Passion and Safety


Passion and Safety

imageI had fascinating discussion with a safety person this week about passion. We discussed an acquaintance who we both considered naïve but my friend thought this was OK, excused by an extreme passion for safety. I disagreed. Passion, the intense sense of conviction and desire, is dangerous when based on naivety. Passion should always be moderated by Wisdom.

We use the word ‘passion’ in several ways, in speaking about love of another or love for a principle or belief. Passion is an emotion and sometimes describes a conglomeration of emotions. Don’t get me wrong, sometimes we need a level of passion to help push through things to reach a goal. But passion in itself can also be a hindrance and harm when Wisdom is needed.

We sometimes are advised to follow our passion when choosing a career. Similarly, we are told to pursue our dreams. However, raw passion can be dangerous without sensibility, wisdom and realism. For example, it’s easy to be passionate with unreal expectations eg. zero, perfectionism. Pursuing your passion can also lead to disappointment when perfection is not realized! This is why perfectionism is listed as a mental health disorder along with OCD . I’ll never be a great guitar player, nor will I climb Mt Everest.

It was interesting in the 16th Century when the Anglican Church was formed they constructed a model of god ‘without parts and passion’. Formed by the Archbishop of Canterbury Thomas Cranmer who knew all about passion, hiding his secret wife in a basket smuggled into his rooms each week. For Cranmer and the church, passion was understood as being out of control similar to how we understand uncontrolled emotions today and such had to be excluded in any creed about god.

Passion without balance, wisdom and intelligence, is often dangerous. So, being passionate about safety is not enough when it comes to the ethics of respect for persons and the humanizing of safety. The trouble is, we often hear in safety about unqualified passion as a good, without an equal emphasis on wisdom.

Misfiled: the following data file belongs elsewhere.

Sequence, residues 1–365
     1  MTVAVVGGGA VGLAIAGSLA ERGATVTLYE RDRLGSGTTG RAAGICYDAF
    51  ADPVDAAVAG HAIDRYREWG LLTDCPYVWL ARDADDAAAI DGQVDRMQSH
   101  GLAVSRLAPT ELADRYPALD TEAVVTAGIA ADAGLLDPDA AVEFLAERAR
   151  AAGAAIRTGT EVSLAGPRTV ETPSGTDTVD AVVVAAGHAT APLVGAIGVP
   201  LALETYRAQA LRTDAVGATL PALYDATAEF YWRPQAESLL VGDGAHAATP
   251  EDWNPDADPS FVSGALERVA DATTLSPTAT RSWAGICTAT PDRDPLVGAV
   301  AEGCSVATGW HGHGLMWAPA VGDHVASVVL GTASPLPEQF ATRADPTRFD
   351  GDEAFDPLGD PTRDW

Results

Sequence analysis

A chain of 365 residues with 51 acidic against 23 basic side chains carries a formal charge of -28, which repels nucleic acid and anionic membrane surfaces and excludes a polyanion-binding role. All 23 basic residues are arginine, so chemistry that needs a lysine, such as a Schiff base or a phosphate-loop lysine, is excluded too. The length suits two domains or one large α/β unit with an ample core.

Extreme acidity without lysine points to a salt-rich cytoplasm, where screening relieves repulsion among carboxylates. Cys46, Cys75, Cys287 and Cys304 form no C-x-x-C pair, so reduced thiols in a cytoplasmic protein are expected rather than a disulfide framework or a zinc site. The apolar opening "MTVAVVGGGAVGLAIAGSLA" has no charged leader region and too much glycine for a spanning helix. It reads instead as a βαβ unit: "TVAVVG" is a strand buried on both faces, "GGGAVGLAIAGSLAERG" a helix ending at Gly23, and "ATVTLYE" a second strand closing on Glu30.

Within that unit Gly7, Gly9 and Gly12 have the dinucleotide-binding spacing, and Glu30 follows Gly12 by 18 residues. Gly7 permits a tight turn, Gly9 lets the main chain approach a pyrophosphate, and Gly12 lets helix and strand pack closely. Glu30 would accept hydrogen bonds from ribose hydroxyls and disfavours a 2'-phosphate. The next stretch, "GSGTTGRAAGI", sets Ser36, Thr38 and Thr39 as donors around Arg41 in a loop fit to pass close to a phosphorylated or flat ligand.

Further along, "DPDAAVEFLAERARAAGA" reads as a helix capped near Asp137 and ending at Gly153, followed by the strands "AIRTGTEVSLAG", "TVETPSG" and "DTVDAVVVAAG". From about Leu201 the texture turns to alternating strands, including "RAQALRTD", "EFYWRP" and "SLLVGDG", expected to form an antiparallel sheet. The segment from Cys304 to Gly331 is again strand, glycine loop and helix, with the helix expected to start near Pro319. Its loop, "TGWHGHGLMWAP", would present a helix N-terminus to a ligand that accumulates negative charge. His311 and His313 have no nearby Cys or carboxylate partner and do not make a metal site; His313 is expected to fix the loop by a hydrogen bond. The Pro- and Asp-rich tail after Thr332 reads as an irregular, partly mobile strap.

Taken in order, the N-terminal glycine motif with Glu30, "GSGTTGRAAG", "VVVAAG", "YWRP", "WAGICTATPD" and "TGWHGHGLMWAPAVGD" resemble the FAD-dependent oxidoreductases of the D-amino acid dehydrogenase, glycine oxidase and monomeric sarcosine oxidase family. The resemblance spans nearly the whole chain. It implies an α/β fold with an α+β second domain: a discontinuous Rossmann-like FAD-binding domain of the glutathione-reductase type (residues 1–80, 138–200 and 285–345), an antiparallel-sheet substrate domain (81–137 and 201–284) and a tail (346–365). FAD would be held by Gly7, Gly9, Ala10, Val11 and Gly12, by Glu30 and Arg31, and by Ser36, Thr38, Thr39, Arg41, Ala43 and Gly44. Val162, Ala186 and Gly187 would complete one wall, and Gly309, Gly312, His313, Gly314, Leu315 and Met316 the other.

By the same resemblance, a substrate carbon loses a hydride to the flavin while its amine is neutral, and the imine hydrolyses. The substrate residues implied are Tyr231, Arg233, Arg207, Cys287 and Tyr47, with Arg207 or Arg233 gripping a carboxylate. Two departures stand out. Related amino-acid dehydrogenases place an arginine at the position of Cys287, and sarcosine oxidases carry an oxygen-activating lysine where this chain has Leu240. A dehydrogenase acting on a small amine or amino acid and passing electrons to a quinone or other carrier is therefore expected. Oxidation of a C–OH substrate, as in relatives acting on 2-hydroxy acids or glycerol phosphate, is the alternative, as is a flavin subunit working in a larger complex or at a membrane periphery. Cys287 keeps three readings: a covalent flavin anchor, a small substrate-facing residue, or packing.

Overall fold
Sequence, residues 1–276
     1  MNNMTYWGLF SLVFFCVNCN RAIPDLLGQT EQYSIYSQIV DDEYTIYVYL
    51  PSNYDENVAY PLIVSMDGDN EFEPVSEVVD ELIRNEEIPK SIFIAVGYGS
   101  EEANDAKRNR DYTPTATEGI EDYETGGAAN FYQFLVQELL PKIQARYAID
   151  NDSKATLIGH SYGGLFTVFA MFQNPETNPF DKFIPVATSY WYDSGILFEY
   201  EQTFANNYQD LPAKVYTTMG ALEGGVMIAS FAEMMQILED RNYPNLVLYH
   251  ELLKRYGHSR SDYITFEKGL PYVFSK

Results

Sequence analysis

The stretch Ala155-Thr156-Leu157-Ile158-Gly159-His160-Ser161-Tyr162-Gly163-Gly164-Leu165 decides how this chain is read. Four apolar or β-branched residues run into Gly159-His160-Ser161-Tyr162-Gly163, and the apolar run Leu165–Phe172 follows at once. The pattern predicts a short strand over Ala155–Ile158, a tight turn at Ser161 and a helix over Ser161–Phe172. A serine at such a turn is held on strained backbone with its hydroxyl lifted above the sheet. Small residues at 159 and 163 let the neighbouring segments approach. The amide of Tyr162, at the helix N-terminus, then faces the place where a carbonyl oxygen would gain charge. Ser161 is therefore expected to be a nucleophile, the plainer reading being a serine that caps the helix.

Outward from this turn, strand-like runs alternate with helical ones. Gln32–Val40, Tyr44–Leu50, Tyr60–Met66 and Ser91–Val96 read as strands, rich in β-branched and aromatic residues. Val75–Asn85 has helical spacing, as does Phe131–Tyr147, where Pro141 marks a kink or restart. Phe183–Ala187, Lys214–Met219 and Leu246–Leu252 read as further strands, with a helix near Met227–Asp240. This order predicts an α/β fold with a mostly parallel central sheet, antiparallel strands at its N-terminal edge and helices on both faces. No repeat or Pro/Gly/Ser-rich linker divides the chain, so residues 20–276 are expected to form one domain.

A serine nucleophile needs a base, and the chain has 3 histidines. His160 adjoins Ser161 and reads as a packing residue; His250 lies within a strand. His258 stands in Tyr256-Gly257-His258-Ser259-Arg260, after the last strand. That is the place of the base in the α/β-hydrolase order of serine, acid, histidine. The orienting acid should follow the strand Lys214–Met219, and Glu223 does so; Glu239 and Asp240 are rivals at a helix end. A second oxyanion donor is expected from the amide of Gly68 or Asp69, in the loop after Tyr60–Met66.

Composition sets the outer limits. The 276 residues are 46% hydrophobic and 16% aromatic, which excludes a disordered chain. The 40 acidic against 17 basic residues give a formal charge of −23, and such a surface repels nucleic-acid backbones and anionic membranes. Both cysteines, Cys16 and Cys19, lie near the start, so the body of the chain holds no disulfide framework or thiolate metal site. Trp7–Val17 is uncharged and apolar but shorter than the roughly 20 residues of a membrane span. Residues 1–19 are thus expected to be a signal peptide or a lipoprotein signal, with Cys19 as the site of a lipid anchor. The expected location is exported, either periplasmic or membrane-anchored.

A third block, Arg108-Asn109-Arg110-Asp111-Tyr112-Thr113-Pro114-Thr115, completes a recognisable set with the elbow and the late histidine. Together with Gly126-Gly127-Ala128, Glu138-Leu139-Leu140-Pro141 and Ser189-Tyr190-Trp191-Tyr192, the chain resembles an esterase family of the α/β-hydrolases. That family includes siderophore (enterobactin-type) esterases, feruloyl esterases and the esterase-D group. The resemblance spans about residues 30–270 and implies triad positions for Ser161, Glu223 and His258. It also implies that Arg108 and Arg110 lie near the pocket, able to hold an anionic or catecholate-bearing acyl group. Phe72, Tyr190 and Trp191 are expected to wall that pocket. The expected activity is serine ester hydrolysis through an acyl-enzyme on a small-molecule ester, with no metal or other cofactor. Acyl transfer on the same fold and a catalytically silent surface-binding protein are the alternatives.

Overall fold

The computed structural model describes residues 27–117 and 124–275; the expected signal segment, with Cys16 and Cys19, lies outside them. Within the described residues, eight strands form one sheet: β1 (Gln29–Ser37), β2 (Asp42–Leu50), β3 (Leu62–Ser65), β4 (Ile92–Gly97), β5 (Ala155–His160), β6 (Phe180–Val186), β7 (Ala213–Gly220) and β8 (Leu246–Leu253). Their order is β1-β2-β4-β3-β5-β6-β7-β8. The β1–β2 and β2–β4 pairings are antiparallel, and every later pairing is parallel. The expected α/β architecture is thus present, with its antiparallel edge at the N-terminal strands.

Whilst there is nothing ethically wrong with the emotions and passion, we need to also balance any sense of passion with ethical trajectory. You can be as passionate about zero harm as you like, but such passion leads to the dehumanization of persons. Perfection is a mental health disorder.

We often associated the idea of passion with being ‘single minded’. This is another way of saying ‘blinkered’. Such passion most often leads to delusion, non-learning and closed-mindedness. In safety, I have found that there are many well intended people who are passionate about saving lives but this most often leads to ‘crusading’. Crusading usually leads to unethical outcomes (https://safetyrisk.net/safety-crusading-on-full-show/ ). Rob Sams put this so well many years ago in relation to leadership (https://safetyrisk.net/are-you-a-safety-crusader-or-a-safety-leader/ ).

So, what do we do with passion? Passion for safety needs to be balanced with ethics, method, learning, wisdom and worldview. We need to be talking just as much about wisdom in safety as we talk about passion for safety. Do a search and see what you find? Is there a balance?



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